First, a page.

Sadia Shepard is the daughter of a Christian and a Muslim.  She is also the granddaughter of a Jew.  Her maternal grandmother was born into the Bene Israel community as Rachel, but her marriage to a polygamous Muslim man transformed her into Rahat.  After her grandmother’s death, Sadia accepted a Fullbright Fellowship to document the small Bene Israel community still living in India in the early 00s.   A memoir rather than a direct history, The Girl from Foreign documents Sadia’s family history, the history of the Bene Israel, and her own journey as a researcher
The Bene Israel are said to be descended from the survivors of a shipwreck on the Konkan coast of India.  Isolated from the larger Jewish community, the Bene Israel retained many Jewish customs (circumcision, dietary laws, Shabbat), but lacked religious texts and scholars.  They resembled their non-Jewish Maratha neighbors in appearance and shared their language.  The Bene Israel were reconnected to the wider Jewish world in the 18th century through contact with Indian Cochin Jews and Arabic Jewish merchants.  They rose to prominence under British colonial rule as they faced less discrimination from the British than did their non-Jewish neighbors.  After Indian Independence, the majority of Bene Israel immigrated to Israel.  
The Girl from Foreign is as much a travelogue as it is a history.  The history of the Bene Israel are explored, but the reader also learns about the automatic challenge faced by a researcher with a Muslim name contacting an isolated Jewish community.  If you’re interested in the Jewish diaspora or the complex religious history of the Indian subcontinent, this book is a fascinating read.

Sadia Shepard is the daughter of a Christian and a Muslim.  She is also the granddaughter of a Jew.  Her maternal grandmother was born into the Bene Israel community as Rachel, but her marriage to a polygamous Muslim man transformed her into Rahat.  After her grandmother’s death, Sadia accepted a Fullbright Fellowship to document the small Bene Israel community still living in India in the early 00s.   A memoir rather than a direct history, The Girl from Foreign documents Sadia’s family history, the history of the Bene Israel, and her own journey as a researcher

The Bene Israel are said to be descended from the survivors of a shipwreck on the Konkan coast of India.  Isolated from the larger Jewish community, the Bene Israel retained many Jewish customs (circumcision, dietary laws, Shabbat), but lacked religious texts and scholars.  They resembled their non-Jewish Maratha neighbors in appearance and shared their language.  The Bene Israel were reconnected to the wider Jewish world in the 18th century through contact with Indian Cochin Jews and Arabic Jewish merchants.  They rose to prominence under British colonial rule as they faced less discrimination from the British than did their non-Jewish neighbors.  After Indian Independence, the majority of Bene Israel immigrated to Israel.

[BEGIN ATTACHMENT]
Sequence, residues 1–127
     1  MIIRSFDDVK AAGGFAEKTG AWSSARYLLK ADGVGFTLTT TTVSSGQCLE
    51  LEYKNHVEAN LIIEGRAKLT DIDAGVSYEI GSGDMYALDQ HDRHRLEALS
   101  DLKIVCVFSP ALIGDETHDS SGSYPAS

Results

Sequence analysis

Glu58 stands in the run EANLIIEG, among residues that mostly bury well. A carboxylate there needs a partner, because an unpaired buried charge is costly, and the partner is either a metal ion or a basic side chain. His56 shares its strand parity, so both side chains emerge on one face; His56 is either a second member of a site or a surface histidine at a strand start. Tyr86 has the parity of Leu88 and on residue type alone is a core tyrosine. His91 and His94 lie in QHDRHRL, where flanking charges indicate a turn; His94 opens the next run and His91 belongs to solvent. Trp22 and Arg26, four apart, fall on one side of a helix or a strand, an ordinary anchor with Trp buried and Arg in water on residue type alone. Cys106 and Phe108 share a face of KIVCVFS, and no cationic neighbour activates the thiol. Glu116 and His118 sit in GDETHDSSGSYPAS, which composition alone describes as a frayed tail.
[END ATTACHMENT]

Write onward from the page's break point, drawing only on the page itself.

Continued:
The Girl from Foreign is as much a travelogue as it is a history.  The history of the Bene Israel are explored, but the reader also learns about the automatic challenge faced by a researcher with a Muslim name contacting an isolated Jewish community.  If you’re interested in the Jewish diaspora or the complex religious history of the Indian subcontinent, this book is a fascinating read.

International Women of Courage 2012

The International Women of Courage Award was created by US Secretary of State Condoleezza Rice in 2007.  It is awarded annually to women who have shown leadership and courage around the world, particularly in regards to the rights of women.

Maryam Durani, Afghani politician campaigning for economic equality

Pricilla de Oliveira Azevedo, Brazilian police major working to shut down drug gangs

Zin Mar Aung, Burmese activist who spent 11 years in jail for challenging the government

Jineth Bedoya Lima, Colombian journalist working to expose gender based violence

Hana Elhebshi, Libyan architect and activist who documented the violence of her country’s revolution

Aneesa Ahmed, Maldivian domestic violence activist

Shad Begum, Pakistani human rights activist working on education and microfinance

Samar Badawi, Saudi women’s rights activist

Hawa Abdallah Mohammed Salih, Sudanese advocate for refugees

Safak Pavey, Turkish politician working to promote the rights of women, minorities, and the disabled 

Hillary Clinton’s remarks from this year’s ceremony can be read here.

Happy International Women’s Day!


Nearly ten million East Pakistanis fled west across the border to India in the early months of the 1971 war, fleeing famine and the ravages of the Pakistani army.

Photo: Raymond Deparddon/Magnum Photos via Time
Bangladesh gained its independence from Pakistan on December 16, 1971 after a bloody fight.  

Nearly ten million East Pakistanis fled west across the border to India in the early months of the 1971 war, fleeing famine and the ravages of the Pakistani army.

Photo: Raymond Deparddon/Magnum Photos via Time

Bangladesh gained its independence from Pakistan on December 16, 1971 after a bloody fight.